Discarded Japanese Roofing Tiles Reborn as Ergonomic Bar Stools
Posted. 13th April 2016
Young designer Tsuyoshi Hayashi turned to an abundant, hard-to-recycle form of manufacturing waste, traditional ceramic roofing tiles, when designing his clever upcycled seating system.
Although the Kawara Bench and Bar Stool don’t exactly look like the most incredibly comfortable things to plant your tuchus on for a spell, you have to hand it to young designer Tsuyoshi Hayashi for, like many seating designers before him
, turning to cast-off trash when sourcing materials.
Japan-born, Eindhoven-based Hayashi
sourced the primary component of his rugged-yet-elegant stool, discarded ceramic roofing tiles, from a factory in the city of Takahama. Traditional kawara tiles are ubiquitous in Japan and, as things go, some are damaged during the manufacturing process. In fact, across the country 65,000 individual, difficult-to-recycle tiles — about 5 percent of the total output — are stamped as defective and sent to landfills each year. This is where Hayashi comes in.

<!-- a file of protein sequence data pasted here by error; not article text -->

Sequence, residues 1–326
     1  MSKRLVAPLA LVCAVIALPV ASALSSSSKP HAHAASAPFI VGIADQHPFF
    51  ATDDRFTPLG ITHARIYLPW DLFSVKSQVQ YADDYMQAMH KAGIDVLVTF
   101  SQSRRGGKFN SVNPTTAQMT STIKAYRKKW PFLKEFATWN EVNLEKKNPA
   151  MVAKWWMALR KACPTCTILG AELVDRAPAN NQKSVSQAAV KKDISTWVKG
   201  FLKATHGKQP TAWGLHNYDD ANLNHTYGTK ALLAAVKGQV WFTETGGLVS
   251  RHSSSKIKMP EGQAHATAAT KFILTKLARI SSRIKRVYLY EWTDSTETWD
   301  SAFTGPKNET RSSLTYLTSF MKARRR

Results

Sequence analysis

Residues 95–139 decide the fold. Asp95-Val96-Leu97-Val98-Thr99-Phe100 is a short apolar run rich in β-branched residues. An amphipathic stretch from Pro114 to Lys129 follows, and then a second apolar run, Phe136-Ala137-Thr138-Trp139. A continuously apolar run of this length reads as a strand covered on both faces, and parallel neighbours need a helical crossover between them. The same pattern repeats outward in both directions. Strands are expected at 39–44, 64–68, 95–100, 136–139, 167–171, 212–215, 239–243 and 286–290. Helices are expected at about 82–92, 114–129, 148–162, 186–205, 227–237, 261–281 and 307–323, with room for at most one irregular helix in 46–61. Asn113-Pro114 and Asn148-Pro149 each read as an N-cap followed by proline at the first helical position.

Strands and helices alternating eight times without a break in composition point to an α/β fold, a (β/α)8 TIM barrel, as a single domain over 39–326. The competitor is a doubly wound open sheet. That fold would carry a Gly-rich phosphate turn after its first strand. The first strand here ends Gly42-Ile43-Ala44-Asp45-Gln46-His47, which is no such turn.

During the design process, Hayashi removes the chipped, blemished, and/or cracked section from the clay-fired tiles and mounts them to a sturdy, custom-sized wooden stool frame — custom-sized so that the curved tile locks right in without the need for glue, fasteners, or adhesives.
The ergonomic (the curved form promotes proper posture) stools are a shoo-in for outdoor use considering that the tiles themselves were manufactured to be extremely durable and weatherproof. Additionally, the modular stools, when not arranged by themselves, can be easily joined together to form benches of varying lengths.
Beyond this current project, which showed as part of the [D3] Young Designers Contest at this year’s IMM Cologne furniture show, Hayashi is looking to salvagew other types of waste from European and Japanese factories and it give it a functional second life. He tells Dezeen
: “My biggest wish is to collaborate with factories in each country and apply my design principle to propose unique value and locality of waste material.”
Simple, useful, beautiful stuff.
Via [Dezeen], [Designboom